Thanks Anish. Here are my thoughts:
1. Unit economics: Not much data is available online, but drawing an analogy to the restaurant cost structure and adding a premium for the exotic ingredients, I would peg their gross margins at ~50% of meal price. Adding ~15% for supply chain (packaging, distribution – comparing with amazon but adding a slight premium given their in-house packaging handling), & ~10% for fixed overheads the margins should be somewhere around ~15-20%. This is before marketing expense. Currently, they might be losing money on meals because of marketing costs, but once the business stabilizes I expect them to see ~15-20% net profits, especially at scale. Their proposition is to reduce costs by pre-portioning and vertical integration.
2. I don’t think Blue Apron can compete with take-out meals on price because take-out meals are typically priced at 10 or lower $. Blue Apron is more for a customer preferring ‘convenient cooking’ rather pure convenience. The exotic offering helps separate it further.
3. So just to clarify, Blue Apron has ‘so far’ created 800+ meals. That doesn’t mean they have all 800+ meals on offer every week. The meals creations from previous weeks are available to browse (in the repository) but a consumer can only order the new creations for the current week. Blue Apron creates ~6 meals every week and consumer purchase 2-4 of them depending on dietary restrictions, order size etc. With less 10 meals every week, there shouldn’t be much problem with economies of scale at level of meals they are serving every month right now.
Great post Danielle! Jet.com reminds me of low-cost carriers that strip most frills and passes on the benefits to the customers. As you indicated in the conclusion, Jet.com seems to be reading the customers differently (valuing price over time). Given this, do you think Jet.com and Amazon could be targeting different types of customers? Or is there a product dominance play – i.e. people will order certain types of products on Jet.com vs. certain others on Amazon? Just curious to understand how the competition with Amazon will play out over next several years? Is there going to be bloodbath like Uber vs. Lyft or will there will be space for both?
Great post Justin! Tinder is truly an innovative startup, and their model is disrupting multiple industries (Tinder for X, Y, Z). I’ve 2 questions on their model:
a) Monetization – Is it possible to monetize the Tinder user base effectively? Is advertisement or subscription the right model? Also, is the Tinder user-base sticky enough? (we know that both advertisement and subscription work best when the user is sticky so we have more data points on him/her).
b) Should Tinder extend its product to offer more advanced dating products – like setting up coffee chats? or organizing monthly Tinder events locally in every city where the tinder community networks? Would this make Tinder more effective at delivering user value?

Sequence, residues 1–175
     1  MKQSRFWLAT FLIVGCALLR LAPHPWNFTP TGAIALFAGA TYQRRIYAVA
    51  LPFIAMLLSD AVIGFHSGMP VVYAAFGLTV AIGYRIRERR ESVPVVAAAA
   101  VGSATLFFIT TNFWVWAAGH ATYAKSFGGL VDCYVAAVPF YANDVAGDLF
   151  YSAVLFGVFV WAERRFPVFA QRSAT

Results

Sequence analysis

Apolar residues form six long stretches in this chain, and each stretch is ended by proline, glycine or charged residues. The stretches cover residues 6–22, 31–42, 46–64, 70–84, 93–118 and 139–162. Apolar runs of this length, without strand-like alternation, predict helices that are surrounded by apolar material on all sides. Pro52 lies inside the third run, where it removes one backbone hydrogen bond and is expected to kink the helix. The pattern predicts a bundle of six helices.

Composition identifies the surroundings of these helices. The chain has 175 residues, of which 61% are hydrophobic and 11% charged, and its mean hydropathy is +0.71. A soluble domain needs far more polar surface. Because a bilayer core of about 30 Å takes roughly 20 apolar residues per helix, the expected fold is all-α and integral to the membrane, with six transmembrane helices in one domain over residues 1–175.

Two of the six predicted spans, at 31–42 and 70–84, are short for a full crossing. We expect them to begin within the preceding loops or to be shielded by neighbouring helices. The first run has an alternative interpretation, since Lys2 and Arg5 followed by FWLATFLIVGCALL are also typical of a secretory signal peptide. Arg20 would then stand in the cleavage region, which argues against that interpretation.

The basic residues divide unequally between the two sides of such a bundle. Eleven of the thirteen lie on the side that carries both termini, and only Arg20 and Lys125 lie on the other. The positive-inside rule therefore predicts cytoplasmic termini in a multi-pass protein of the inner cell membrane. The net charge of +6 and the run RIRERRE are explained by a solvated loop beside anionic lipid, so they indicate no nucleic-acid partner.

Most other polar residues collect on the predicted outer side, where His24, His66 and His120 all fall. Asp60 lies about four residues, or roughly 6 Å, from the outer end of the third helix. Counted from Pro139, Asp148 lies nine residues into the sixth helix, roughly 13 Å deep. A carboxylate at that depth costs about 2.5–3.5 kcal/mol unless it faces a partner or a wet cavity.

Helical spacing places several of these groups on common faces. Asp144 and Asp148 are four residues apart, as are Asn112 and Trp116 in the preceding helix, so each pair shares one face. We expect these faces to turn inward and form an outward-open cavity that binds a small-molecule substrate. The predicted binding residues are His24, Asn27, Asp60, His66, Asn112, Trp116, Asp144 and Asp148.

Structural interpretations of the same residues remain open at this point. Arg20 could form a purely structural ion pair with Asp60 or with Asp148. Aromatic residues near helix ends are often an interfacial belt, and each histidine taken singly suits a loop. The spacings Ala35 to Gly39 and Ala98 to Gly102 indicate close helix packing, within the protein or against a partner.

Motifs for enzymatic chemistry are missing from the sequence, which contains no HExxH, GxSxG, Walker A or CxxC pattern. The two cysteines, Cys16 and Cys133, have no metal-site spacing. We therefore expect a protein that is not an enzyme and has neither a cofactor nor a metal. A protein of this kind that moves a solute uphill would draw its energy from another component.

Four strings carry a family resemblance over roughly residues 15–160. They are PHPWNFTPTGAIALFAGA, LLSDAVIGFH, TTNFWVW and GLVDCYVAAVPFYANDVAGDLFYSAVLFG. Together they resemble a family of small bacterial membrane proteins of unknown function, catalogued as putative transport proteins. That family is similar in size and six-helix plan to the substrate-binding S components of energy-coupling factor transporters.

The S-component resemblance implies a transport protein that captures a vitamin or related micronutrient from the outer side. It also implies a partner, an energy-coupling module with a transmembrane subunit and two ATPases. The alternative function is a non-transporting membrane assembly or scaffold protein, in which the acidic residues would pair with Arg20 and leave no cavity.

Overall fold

Great article Damian! True respect for FCB for what they have accomplished. As previously hinted by other commenters, is FCB shooting in their foot with too much dominance? From what it appears, FCB drafts all the good players their potential Bundesliga rivals produce. Partly, one can argue that such transfers have smaller barriers of cost, player transition to an altogether new country and league style of playing. However, such an operating model affects FCB’s revenue stream in the following way:
a) Poor broadcast revenues: I’d read an article that says Queens Park Rangers, last season’s worst Premier League club, made almost twice as much in TV revenue as German champions Bayern Munich (90.8 million Euros to 50.6 million Euros, respectively). Partly one can blame it to Match Day timings, lack of german-speakers vs. english speakers globally. But, I believe a good part of it is probably because of the league’s lack of competitiveness. In India (developing market where EPL is cashing heavily on), we have fans for close to 6-7 top EPL clubs where I doubt if people know of any club from Bundesliga other than FCB (which affects broadcasting revenues)
b) Poor country fan-following: Because transfers to FCB mostly happen inside Germany (from one german club to FCB), FCB lacks a cross-country following. For instance, any top league EPL club will have loads of players from outside England, which draws country-specific following in several countries. This in turn raises the club following globally and results in higher revenue streams.
Agree, none of the above should be pursued at the cost club football performance, maybe testing it out while FCB is dominating the Bundesliga can help the club figure if it can extract more monetary value.